One of the reasons these telescopes were built in rural India was because there was relatively little radio in use in the area. Some of it we couldn’t do anything about, but it turned out that a fair amount of radio noise in the area was accidental. The most memorable example was a stray piece of wire that had somehow been caught on some high voltage power lines and was essentially acting like an antenna leaking power from the lines and broadcasting it across the country.

We developed a way of using the telescopes to scan the horizon and for bright sources of radio signals on the ground and triangulate their location. I actually spent as much time wandering through the countryside with a GPS device in one hand and a radio antenna in the other trying to find these sources. This is what led to what has since become the defining photo of my graduate school experience:

Standing in a field with a radio antenna, next to a cow
Cows don’t care, they have work to do.

Getting back to the question at hand, after spending weeks wandering through fields tightening loose connections, wrapping things in radio shielding, and getting the local power company to clean wires of their transmission lines… did we actually fix anything? Did we reduce the noise in our data? Did we make it easier to see the hydrogen signal we were after?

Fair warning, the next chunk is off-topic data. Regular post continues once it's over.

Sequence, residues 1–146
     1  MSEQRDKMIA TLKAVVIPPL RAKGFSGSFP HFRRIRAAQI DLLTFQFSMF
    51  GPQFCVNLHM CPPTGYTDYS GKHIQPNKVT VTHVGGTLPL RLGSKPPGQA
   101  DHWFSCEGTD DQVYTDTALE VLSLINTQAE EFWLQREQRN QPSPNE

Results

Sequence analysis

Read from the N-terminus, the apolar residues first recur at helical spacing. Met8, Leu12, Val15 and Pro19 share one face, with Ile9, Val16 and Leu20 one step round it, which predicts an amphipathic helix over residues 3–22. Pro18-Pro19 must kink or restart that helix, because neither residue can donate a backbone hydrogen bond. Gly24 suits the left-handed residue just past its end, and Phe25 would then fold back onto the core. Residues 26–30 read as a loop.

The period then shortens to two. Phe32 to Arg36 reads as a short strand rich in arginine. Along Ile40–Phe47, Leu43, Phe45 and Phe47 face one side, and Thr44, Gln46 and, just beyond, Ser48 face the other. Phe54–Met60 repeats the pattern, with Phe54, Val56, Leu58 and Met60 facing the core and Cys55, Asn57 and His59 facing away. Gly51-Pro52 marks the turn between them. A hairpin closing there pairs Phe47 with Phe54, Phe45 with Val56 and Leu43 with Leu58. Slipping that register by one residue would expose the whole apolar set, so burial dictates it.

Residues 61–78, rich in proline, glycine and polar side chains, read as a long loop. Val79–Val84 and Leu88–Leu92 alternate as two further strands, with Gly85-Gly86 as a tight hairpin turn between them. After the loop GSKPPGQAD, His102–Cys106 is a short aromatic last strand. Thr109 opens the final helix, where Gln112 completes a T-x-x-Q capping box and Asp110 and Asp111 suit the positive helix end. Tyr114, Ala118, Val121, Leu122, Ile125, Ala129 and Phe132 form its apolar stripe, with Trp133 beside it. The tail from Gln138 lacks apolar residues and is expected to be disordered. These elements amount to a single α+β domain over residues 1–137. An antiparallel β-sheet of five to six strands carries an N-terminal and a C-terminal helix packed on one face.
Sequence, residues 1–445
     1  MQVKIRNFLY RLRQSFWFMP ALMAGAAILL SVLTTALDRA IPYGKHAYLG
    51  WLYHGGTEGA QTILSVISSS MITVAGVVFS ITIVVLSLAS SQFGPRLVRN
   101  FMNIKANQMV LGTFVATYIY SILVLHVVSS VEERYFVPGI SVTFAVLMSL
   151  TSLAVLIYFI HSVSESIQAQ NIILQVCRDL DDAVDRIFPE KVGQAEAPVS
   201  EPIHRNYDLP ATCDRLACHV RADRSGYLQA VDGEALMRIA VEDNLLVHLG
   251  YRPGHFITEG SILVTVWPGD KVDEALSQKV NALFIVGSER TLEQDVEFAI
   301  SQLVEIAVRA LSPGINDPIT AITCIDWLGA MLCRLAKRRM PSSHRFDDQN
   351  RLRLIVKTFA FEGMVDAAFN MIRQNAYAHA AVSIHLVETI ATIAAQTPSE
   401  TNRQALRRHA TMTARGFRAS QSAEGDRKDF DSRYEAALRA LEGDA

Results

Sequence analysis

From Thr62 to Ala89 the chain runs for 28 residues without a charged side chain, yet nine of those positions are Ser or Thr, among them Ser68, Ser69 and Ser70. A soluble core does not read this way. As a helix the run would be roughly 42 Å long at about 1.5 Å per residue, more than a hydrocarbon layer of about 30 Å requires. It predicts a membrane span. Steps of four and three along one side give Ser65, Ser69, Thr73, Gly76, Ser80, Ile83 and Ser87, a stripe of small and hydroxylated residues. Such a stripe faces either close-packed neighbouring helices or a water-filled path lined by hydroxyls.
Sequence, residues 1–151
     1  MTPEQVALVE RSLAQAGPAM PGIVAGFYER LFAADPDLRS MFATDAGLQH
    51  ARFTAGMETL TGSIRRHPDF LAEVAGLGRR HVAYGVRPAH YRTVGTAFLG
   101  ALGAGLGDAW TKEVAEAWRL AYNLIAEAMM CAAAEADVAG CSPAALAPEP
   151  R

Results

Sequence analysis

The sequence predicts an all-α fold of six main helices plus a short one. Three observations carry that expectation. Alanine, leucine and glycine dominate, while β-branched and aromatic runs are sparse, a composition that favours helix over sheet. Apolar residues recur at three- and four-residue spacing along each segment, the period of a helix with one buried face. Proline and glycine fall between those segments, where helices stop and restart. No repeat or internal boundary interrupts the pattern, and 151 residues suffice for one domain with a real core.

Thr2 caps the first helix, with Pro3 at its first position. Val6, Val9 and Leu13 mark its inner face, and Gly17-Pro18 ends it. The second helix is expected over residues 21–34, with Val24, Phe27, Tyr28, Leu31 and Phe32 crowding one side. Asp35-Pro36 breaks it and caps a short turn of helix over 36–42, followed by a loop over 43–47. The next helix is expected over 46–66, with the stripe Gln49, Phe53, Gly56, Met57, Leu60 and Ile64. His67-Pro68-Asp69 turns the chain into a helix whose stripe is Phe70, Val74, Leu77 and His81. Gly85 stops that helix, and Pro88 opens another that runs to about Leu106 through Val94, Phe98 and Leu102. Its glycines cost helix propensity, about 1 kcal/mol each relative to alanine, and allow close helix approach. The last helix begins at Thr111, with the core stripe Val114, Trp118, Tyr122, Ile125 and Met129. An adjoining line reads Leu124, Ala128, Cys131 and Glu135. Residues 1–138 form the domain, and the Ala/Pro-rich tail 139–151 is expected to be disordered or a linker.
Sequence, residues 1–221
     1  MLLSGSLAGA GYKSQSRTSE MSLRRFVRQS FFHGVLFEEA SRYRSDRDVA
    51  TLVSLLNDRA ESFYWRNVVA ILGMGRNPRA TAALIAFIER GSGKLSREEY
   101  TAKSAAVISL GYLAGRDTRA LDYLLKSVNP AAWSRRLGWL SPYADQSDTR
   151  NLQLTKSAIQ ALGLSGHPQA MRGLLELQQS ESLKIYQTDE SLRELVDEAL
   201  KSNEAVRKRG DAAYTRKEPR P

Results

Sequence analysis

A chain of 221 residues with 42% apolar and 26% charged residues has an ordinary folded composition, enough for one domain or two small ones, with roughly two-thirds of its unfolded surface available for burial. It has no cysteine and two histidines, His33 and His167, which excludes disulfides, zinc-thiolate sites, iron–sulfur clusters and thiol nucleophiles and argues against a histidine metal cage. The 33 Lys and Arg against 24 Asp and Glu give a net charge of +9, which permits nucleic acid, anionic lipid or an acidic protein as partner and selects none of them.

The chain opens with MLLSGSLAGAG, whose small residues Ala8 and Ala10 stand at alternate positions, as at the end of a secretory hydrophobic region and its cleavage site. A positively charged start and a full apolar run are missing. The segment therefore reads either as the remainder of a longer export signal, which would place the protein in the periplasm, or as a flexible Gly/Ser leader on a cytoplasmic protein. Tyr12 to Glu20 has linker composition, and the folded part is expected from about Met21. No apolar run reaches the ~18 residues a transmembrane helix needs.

Did we actually fix the bug?

In many ways, getting rid of those errant radio emitters was like removing bugs in data. Noisy little things that were there only accidentally and that we could blame for at least some of the the noise in our data.

But these weren’t the bugs that you find before you release. Those are the bugs you find because you anticipated that they would come up and planned your testing around it. These things, in contrast, were already out in the field. They were the kinds of bugs that come from the user or something weird someone notices in the logs. You don’t know what caused them, you didn’t uncover them in testing, and you’re not sure at first what is triggering them. These are the ones that are met only with a hunch, an idea that “this might have to do with X” and “we should try doing Y and that might fix it.”